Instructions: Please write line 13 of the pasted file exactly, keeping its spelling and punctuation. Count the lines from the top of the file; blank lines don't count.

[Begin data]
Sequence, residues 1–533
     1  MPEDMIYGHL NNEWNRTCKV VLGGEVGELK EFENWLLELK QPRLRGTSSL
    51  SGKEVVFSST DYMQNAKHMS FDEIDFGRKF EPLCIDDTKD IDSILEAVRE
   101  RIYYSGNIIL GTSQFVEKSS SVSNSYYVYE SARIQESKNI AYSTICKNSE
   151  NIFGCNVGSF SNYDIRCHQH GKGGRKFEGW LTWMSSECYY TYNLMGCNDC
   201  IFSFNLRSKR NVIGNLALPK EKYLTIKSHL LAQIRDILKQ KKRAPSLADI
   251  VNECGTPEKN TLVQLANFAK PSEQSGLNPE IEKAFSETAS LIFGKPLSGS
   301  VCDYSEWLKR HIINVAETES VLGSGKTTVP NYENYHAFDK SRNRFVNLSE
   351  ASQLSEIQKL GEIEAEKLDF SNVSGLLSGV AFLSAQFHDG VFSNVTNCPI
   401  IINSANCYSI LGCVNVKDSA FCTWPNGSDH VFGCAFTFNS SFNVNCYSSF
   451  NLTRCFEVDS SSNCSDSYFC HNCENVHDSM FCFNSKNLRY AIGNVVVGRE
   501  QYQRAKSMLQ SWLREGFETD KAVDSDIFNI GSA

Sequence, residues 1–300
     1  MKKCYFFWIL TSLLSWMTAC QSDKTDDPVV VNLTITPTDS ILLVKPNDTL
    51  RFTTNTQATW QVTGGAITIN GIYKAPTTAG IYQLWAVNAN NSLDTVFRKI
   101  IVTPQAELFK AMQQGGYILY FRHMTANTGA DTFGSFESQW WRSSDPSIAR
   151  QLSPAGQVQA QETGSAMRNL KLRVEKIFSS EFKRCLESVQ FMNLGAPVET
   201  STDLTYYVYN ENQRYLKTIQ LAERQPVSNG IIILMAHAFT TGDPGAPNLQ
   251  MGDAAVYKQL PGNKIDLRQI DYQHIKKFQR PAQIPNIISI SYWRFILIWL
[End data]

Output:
Sequence, residues 1–300